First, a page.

Getting Started with Audio Programming

Books and other learning resources for new audio developers.

Are you interested in audio programming but don’t know where to begin? Here are my recommendations.

In summary, you need:

Audio programming is a lot of fun, but it requires specialized know-how that may take some time to acquire. But hey, learning is part of the fun!

Learning C++

The audio programmer’s language of choice is C++, pronounced “C plus plus”. Equally hated and loved, it’s the only practical language for writing real-time audio software. It’s possible to write the non-audio parts of your program in other languages, but the DSP code needs to be C++.

A few things to know about C++:

There are lots of books and online tutorials on C++, some better than others. The Definitive C++ Book Guide and List has an overview of the best available books.

Here are my tips:

C++ Primer (5th Edition) by Lippman, Lajoie & Moo. If you have no programming experience at all, this is usually the recommended book to start with.

A Tour of C++ by Bjarne Stroustrup, the inventor of C++. A good starting point for intermediate programmers who are new to C++. Also worth reading if you programmed in C++ ages ago and want a refresher on all the new features in the language.

The Cherno on YouTube. If you’re more into watching videos than reading books, this is a very good series of videos on how to learn C++. This is not a tutorial but an indispensable reference guide for when you need to look up something in the language or the standard library. Bookmark this!

I recommend learning C++ and audio programming together. Studying C++ in a vacuum is not particulary fruitful — it’s better to put your newly acquired knowledge into practice right away by writing real audio code, even if it’s only simple projects.

Can I use my favorite language instead of C++?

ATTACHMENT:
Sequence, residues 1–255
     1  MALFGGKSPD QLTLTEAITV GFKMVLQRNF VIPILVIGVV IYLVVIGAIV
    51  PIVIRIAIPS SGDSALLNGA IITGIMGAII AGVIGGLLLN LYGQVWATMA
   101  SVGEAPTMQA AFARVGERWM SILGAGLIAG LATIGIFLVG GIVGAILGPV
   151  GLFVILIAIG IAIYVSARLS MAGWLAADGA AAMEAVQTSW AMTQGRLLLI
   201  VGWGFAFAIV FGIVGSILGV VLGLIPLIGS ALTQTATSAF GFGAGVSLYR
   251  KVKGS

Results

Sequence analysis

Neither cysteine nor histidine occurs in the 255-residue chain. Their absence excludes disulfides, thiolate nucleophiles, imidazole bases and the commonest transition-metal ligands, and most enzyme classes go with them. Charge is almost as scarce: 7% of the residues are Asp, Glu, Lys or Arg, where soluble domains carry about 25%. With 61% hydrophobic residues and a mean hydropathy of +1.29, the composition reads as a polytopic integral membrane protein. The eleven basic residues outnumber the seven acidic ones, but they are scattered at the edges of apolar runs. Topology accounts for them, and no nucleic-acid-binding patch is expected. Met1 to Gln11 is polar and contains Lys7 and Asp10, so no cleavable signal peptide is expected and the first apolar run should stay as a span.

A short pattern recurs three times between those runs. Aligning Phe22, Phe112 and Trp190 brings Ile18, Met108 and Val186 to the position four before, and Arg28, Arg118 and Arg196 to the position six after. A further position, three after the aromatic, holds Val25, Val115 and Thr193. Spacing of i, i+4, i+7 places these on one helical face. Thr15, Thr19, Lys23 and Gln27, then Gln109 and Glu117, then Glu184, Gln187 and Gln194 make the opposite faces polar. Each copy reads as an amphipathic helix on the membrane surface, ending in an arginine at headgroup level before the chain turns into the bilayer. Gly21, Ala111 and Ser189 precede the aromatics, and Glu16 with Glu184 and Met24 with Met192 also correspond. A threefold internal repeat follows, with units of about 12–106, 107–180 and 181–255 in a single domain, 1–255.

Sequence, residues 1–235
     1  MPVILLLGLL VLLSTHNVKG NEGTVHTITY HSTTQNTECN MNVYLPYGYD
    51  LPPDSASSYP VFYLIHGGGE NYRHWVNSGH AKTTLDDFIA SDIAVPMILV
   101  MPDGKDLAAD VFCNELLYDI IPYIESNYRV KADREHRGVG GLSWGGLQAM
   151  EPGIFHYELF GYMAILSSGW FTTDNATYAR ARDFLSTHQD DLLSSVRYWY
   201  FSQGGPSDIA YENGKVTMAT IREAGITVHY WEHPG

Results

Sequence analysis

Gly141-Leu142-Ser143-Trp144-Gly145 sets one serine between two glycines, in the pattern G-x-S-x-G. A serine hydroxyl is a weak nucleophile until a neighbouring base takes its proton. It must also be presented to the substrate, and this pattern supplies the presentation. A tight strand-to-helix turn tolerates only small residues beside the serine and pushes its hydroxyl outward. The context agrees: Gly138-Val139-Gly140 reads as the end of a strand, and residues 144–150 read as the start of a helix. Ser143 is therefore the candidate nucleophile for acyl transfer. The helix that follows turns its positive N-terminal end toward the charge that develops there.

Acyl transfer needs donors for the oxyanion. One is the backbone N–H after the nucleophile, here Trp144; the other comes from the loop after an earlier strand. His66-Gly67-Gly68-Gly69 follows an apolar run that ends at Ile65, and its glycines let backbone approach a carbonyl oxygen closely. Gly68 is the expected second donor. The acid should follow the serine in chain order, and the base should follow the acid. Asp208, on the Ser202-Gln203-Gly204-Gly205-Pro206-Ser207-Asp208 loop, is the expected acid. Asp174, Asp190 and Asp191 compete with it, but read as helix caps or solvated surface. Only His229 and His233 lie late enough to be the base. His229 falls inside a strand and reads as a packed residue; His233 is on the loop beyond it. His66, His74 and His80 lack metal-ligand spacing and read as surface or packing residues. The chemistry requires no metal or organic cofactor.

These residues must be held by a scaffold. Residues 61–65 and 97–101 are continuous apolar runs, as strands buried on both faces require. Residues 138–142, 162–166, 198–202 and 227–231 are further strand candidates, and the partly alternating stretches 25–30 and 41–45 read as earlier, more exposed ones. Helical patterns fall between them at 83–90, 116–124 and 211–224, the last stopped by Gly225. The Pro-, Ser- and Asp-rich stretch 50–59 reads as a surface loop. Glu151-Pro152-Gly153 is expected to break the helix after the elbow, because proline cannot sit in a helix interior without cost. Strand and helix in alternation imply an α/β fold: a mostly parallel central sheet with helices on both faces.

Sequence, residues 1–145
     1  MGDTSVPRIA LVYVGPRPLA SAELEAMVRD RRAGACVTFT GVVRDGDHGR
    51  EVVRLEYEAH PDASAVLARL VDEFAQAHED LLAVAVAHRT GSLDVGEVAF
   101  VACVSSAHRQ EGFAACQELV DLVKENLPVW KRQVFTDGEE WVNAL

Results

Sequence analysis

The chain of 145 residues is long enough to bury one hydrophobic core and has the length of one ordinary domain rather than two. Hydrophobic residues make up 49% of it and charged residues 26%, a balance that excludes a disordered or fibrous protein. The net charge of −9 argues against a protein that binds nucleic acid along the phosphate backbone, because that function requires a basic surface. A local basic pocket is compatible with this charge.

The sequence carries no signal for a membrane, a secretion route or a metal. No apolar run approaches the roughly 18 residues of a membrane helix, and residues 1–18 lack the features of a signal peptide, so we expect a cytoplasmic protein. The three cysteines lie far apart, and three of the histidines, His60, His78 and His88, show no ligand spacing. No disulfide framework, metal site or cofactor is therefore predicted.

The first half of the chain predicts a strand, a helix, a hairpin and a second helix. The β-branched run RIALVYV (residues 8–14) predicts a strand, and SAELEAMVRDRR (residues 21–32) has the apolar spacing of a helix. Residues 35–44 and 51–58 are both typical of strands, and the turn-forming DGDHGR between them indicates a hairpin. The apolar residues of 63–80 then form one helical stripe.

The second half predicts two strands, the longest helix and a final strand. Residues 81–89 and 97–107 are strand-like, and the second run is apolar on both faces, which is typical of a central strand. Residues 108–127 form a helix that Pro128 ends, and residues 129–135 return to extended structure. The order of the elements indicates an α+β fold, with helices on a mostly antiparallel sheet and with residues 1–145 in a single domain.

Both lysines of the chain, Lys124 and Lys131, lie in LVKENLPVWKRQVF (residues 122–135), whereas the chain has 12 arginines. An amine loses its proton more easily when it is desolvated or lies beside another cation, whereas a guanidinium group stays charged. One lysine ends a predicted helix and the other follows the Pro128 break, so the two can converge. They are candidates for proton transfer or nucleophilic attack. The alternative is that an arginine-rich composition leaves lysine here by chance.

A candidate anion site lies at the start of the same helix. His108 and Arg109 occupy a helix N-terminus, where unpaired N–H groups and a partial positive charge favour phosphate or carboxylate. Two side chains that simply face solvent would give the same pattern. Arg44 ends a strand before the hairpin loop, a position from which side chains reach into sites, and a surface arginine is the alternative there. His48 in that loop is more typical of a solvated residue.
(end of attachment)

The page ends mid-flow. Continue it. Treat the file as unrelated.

Probably not… Other languages are often not suitable for real-time audio, as they cannot guarantee consistent timing. Anything that uses garbage collection is a no-no, for example.

The exception here may be Rust, but this language is simply not popular enough (yet?) and doesn’t have the same audio ecosystem that C++ has. I wouldn’t suggest it to a beginner unless they were already proficient in Rust.

You could use C but only if you really really don’t like C++. Keep in mind that almost everything in the audio development ecosystem expects you to interface with C++ at some point.

That said, there are a number of useful audio prototyping languages, such as: Max/MSP, Pure Data, Plug’n Script, REAPER’s JSFX, Python, MATLAB. Mocking up a new idea is usually much quicker in these languages than in C++.

Many materials on audio programming will have code examples that are not in C++. Often they will use Python or MATLAB or some kind of pseudocode. My suggestion is to learn just enough Python and MATLAB so that you can convert such examples into C++. Once you know C++, it is not that hard to pick up new languages.

Tip: I can recommend learning Python as an additional language in any case. It’s great for writing small scripts and helper programs. I wouldn’t bother getting serious with MATLAB unless your employer or school is already paying for a license.

Development environments

To write and compile C++ code you need an IDE or Integrated Development Environment. Which one depends on your operating system and your own preferences. Most IDEs can be downloaded for free.

Xcode for macOS, downloadable from the Mac App Store.

Visual Studio for Windows. The Community Edition is free and does everything you need.

VSCode, works on any platform. This is a popular editor but it’s not a full-featured IDE and getting the C++ compiler toolchain to work can be tricky if you’re inexperienced. Get it here

CLion from JetBrains, works on any platform. This is a paid product and I have no experience with it, but many developers absolutely love it.

If you’re new to C++ or programming in general, I’d advise starting with Xode if you’re on Mac or with Visual Studio if you’re on Windows. Note that you want the regular Visual Studio, not “Visual Studio Code” a.k.a. VSCode — these are completely different products!

An IDE is a complex tool and it’s worth spending some time learning how to use your tools, especially the debugger.

Audio frameworks

Every operating system and plug-in format has its own proprietary audio APIs, and these are all incompatible. As an audio programmer you want to focus on the fun stuff, not worry about the annoying platform-specific implementation details. Ideally, you’d write your audio code just once and have it work on Windows, Mac, and Linux — and in all the different DAWs.